But their finances were so precarious they couldn’t gather enough money to set up home in the capital. Nevertheless Parry drove himself on despite failing health, the premature death of two sons and lack of money. But in death his contribution to the musical life of Wales was recognised with a huge funeral attended by at 7,000 people from all parts of the UK and a memorial close to his final home.
Off to Philadelphia in the Morning is an odd book. Jack Jones never claimed it was anything other than a work of fiction yet it contains a significant amount of factual information from the size of the population of Merthyr Tydfil to the fortunes of the landowners who exploit it and the chapels that try to provide hope for the inhabitants. If it’s not pure fiction neither is it a straight biography. It has an unnamed narrator who is clearly a working man from Merthyr Tydfil and one who knew Joseph Parry well enough to be invited to his concerts and his home. This narrator wants to be seen as a historian not just of Parry’s life but of the changes that happen to the town of Merthyr Tydfil as it goes from prosperity to decline. We get frequent digressions to relate the lives of a number of other inhabitants – some of which are interesting but which do tend to make this an over-long book and take attention away from the main subject of Joseph Parry himself. Consequently I found myself skimming quite a number of pages….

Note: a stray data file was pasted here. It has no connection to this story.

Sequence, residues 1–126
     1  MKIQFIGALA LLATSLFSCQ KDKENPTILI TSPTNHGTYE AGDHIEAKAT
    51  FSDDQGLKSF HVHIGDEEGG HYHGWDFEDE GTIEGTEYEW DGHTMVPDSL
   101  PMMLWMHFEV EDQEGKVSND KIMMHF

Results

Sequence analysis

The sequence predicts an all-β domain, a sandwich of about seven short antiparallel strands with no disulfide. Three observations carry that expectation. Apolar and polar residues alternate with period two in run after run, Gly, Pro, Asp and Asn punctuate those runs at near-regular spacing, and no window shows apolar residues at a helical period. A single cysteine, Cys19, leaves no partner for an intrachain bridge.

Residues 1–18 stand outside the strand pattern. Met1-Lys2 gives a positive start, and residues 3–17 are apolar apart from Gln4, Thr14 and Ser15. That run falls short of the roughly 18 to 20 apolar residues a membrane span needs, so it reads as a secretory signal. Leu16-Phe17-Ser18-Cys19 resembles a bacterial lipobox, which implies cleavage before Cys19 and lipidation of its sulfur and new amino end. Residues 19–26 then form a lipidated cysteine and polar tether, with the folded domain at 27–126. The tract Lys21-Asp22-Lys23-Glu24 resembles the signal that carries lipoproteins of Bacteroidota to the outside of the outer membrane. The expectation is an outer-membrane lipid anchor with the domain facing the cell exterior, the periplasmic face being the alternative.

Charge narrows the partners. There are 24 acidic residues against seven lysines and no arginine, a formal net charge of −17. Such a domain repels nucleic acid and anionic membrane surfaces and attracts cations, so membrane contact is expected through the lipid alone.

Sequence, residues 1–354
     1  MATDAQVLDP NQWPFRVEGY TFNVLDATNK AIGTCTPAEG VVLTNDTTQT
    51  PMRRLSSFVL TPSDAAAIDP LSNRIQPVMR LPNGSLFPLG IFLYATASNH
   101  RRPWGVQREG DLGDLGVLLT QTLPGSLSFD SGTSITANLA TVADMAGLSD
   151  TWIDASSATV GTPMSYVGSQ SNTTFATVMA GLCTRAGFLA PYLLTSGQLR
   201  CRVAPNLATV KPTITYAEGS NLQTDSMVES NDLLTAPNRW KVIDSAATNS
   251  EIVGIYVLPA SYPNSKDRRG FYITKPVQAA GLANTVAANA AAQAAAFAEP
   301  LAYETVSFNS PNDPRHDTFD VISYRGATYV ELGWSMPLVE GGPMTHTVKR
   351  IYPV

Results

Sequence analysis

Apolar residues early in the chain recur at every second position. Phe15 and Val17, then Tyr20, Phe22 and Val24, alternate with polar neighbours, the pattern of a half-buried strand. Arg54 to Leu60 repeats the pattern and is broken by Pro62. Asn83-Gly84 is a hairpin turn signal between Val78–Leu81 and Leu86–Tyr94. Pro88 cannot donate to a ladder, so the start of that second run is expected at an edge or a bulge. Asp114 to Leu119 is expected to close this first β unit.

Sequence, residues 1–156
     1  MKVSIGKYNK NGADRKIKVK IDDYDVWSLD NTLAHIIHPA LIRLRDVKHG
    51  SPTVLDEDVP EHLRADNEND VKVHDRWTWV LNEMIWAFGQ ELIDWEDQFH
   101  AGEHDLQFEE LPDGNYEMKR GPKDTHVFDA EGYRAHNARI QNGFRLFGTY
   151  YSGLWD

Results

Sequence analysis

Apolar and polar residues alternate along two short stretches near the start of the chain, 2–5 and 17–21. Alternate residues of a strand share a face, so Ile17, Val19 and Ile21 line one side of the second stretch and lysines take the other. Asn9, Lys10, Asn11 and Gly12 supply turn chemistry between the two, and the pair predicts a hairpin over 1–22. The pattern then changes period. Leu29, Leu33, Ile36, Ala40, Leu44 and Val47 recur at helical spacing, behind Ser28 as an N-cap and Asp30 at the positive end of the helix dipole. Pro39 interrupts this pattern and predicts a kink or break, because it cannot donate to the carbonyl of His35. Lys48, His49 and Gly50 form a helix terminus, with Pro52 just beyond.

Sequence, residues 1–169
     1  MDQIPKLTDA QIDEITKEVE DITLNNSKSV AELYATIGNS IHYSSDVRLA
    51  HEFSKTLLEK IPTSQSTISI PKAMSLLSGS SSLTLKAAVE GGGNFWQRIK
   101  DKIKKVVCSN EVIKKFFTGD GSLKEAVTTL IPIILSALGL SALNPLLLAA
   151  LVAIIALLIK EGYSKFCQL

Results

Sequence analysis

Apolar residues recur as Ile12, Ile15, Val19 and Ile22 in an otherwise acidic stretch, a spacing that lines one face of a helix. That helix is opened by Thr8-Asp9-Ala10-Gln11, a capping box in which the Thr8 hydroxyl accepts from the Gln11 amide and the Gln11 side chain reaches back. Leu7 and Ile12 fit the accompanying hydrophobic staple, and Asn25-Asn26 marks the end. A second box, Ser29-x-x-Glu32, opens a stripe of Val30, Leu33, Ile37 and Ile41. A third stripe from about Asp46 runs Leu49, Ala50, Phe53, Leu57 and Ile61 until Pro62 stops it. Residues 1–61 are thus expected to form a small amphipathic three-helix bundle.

But there is one question that remains unanswered in Jack Jones’ book – who was Myfanwy? There is a girl by that name who is a childhood friend of Parry in the book, a girl who looks after her blind, drunkard father until one of the iron magnets spots her musical talent and pays for her to be taken care of and given lessons. In the book she becomes a world famous opera singer who meets up with Parry when they are both well established in their field. Legend has it that Parry wrote ‘Myfanwy’ in her honour (there is no mention of this in the book) though in reality he wrote only the music for the ballad and the lyrics came from another source. So now I’m left wondering how much of this book can be relied upon as an accurate account of his life and how much is myth?
The Book: Off to Philadelphia in the Morning was published in 1947. My copy, which I picked up from Bookbarn International dates from 1978. A TV series based on the book was broadcast by the BBC in 1978.
The Author: Jack Jones was – like Joseph Parry – born in Merthyr Tydfil. He went to work in the coal mines at the age of 12. During the depression years of the 1920s he became involved in politics and became a trade union leader. He began writing newspaper articles as a freelancer before progressing to novels.
Why I read this: the name of Joseph Parry is one that I’ve heard ever since I was a child but although I’ve seen his birthplace in Merthyr Tydfil and I live close to his last home, I knew nothing about him.